One of the nation's three major bond-ratings agencies on Monday downgraded Alaska's credit rating, while a second issued a warning about Alaska's fiscal crisis even as it maintained the state's AAA rating for its next bond issue.
Moody's Investors Service said in a report it would downgrade the state's general obligation rating to AA1, a step below the gold-plated AAA rating the agency had previously given Alaska.
The downgrade reflects Alaska's "unprecedented structural imbalance" as it struggles to rein in a $3.8 billion deficit brought on by crashing oil prices.
"Even with significant spending reductions, recurring revenues cannot keep pace with recurring expenditures, and the state would deplete its main budgetary reserves by fiscal 2019, absent significant changes in its financial framework," Moody's said.
In January, Standard and Poor's also downgraded Alaska's general obligation credit.
Fitch Ratings may soon join them. That ratings agency said on Tuesday it may downgrade the state's top-notch credit rating for general obligation bonds if officials don't properly address the turmoil, but it is leaving its AAA rating for Alaska bonds intact.
The announcements will cost the state a bit more for the March 9 sale of $151 million in general obligation bonds designed to pay for transportation projects around the state, an official said.
Assuming interest rates remain low, as expected, the cost to the state for the bond sale, approved by voters in 2012, may not be huge. The state may have to pay about $500,000 extra in today's dollars, with payments spread out over the 20-year life of the bonds, estimated Deven Mitchell, the state's debt manager.
"It will result in our cost of capital increasing. The costs could be negligible or somewhat significant depending on market we're selling into," he said.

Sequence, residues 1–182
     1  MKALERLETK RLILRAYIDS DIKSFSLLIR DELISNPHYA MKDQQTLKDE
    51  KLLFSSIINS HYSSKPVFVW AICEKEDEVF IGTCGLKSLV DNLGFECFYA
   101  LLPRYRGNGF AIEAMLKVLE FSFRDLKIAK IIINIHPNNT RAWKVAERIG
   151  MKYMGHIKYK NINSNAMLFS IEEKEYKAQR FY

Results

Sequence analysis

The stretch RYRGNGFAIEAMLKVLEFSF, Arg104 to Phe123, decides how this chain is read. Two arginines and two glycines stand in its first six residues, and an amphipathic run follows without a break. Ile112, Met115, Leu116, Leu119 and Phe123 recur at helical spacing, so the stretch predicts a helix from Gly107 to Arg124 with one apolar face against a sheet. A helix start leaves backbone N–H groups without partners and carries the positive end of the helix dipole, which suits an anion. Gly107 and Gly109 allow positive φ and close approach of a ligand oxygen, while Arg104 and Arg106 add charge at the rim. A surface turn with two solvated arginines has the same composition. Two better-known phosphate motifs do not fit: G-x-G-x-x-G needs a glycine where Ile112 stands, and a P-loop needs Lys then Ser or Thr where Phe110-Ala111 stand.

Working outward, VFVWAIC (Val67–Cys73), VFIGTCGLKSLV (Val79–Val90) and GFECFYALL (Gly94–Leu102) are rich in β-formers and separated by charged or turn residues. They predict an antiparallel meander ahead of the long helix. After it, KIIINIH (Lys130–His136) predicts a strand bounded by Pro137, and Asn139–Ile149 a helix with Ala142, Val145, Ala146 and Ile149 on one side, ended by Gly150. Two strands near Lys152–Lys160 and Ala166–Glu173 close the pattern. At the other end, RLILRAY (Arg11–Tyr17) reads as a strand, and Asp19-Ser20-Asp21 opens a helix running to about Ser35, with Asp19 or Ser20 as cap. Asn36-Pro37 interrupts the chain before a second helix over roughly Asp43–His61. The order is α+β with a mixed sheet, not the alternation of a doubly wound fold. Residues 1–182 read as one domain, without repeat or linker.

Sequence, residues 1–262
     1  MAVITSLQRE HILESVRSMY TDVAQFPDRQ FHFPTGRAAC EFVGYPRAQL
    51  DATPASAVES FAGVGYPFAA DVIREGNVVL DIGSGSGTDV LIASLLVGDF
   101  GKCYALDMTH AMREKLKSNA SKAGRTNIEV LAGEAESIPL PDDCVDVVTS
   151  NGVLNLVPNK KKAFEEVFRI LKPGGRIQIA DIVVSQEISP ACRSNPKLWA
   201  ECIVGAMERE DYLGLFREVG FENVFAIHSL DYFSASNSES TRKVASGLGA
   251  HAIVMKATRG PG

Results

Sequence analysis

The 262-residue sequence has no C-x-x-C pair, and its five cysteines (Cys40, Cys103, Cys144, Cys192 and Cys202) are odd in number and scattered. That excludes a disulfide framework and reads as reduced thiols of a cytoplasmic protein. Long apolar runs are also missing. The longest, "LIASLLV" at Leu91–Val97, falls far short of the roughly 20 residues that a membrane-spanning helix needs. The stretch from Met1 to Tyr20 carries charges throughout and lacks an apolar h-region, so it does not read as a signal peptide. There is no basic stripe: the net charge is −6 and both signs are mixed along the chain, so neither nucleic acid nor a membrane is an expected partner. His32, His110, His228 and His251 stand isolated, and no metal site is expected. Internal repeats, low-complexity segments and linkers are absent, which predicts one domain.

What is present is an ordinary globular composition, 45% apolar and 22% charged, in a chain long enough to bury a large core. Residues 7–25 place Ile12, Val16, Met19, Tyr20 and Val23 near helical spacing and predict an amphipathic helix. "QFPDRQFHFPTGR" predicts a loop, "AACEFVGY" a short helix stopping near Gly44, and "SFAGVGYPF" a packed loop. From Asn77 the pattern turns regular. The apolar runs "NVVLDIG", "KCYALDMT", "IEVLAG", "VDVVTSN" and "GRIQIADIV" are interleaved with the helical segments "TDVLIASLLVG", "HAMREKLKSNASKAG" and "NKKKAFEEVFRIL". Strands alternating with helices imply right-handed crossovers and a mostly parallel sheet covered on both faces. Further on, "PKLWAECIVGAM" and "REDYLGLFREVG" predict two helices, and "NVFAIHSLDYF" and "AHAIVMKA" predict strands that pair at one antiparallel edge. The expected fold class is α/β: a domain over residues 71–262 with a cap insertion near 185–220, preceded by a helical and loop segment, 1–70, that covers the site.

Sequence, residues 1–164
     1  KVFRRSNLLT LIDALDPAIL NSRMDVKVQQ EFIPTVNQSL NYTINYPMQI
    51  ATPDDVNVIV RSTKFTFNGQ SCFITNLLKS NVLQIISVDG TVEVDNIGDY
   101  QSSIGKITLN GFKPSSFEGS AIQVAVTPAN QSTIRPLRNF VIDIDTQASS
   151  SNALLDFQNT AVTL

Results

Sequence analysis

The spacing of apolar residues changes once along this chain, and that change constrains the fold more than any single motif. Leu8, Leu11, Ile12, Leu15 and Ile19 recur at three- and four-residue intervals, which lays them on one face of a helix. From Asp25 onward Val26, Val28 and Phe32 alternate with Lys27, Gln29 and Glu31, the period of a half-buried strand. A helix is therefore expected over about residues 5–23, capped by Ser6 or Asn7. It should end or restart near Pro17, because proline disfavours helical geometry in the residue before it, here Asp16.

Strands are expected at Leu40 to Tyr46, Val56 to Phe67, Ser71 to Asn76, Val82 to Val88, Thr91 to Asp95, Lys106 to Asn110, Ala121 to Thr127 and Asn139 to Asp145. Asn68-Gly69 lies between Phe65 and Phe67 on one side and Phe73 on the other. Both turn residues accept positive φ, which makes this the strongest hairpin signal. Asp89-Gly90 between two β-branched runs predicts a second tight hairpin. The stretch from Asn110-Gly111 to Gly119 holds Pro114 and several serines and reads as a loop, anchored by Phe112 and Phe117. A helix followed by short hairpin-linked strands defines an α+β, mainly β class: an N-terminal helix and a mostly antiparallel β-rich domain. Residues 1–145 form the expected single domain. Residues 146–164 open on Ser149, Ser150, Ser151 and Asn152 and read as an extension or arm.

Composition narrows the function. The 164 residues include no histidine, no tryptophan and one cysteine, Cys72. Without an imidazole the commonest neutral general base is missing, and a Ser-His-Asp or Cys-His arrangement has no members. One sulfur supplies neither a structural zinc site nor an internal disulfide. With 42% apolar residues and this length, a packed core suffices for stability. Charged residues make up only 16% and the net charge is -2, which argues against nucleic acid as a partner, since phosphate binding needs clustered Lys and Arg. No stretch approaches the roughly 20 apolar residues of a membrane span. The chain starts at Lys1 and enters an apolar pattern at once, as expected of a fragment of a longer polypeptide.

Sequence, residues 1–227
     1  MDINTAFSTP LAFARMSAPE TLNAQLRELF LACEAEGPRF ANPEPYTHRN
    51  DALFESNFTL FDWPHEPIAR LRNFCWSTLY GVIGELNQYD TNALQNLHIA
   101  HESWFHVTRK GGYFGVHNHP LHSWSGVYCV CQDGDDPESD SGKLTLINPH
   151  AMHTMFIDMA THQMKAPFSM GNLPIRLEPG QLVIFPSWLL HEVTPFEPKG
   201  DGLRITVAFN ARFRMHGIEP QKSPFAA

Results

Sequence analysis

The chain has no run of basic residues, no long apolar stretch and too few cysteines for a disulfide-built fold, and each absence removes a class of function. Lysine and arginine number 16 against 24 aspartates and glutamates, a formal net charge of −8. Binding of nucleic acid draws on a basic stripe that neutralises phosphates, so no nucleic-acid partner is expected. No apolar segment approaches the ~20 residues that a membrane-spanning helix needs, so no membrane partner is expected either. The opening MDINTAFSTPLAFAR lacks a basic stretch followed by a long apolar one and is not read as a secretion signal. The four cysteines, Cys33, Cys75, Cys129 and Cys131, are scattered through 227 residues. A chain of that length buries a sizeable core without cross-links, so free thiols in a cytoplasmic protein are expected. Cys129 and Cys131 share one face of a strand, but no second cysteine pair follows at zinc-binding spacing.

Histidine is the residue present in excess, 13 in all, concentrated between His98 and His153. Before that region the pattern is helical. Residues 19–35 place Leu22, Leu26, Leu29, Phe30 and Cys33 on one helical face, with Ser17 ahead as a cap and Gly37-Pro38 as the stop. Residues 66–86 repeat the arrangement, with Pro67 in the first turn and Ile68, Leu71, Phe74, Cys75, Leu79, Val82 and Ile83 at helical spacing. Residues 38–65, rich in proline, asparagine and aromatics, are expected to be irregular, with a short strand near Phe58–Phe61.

Fitch Ratings said Monday it will put Alaska on "negative watch" as it waits to see how elected officials deal with the state's massive budget shortfall. The watch applies not just to the March bond sale, but to another $1.9 billion in bonds that have already been issued by the state or by municipalities with the state's backing.
But the state will not face additional interest costs for those bonds. Any additional costs for those bonds will be borne by investors who already own them, Mitchell said.
Fitch Ratings said the warning stems from "uncertainty" over budget initiatives that would reduce draws on savings and diversify the state's sources of revenue, and specifically mentions Gov. Bill Walker's proposals to overhaul state finances. Walker is calling for an income tax, reduced spending, smaller Permanent Fund dividend checks and using Permanent Fund earnings to pay for most state services.
The state's top-notch AAA bond rating for general obligation bonds will likely be given a "negative outlook or downgraded" if new budget measures aren't adopted to improve the state's long-term outlook, the New York agency said in the report.
The Fitch report comes as members of the Republican-led Legislature say they will implement cuts, and, later this session consider measures to generate new revenue.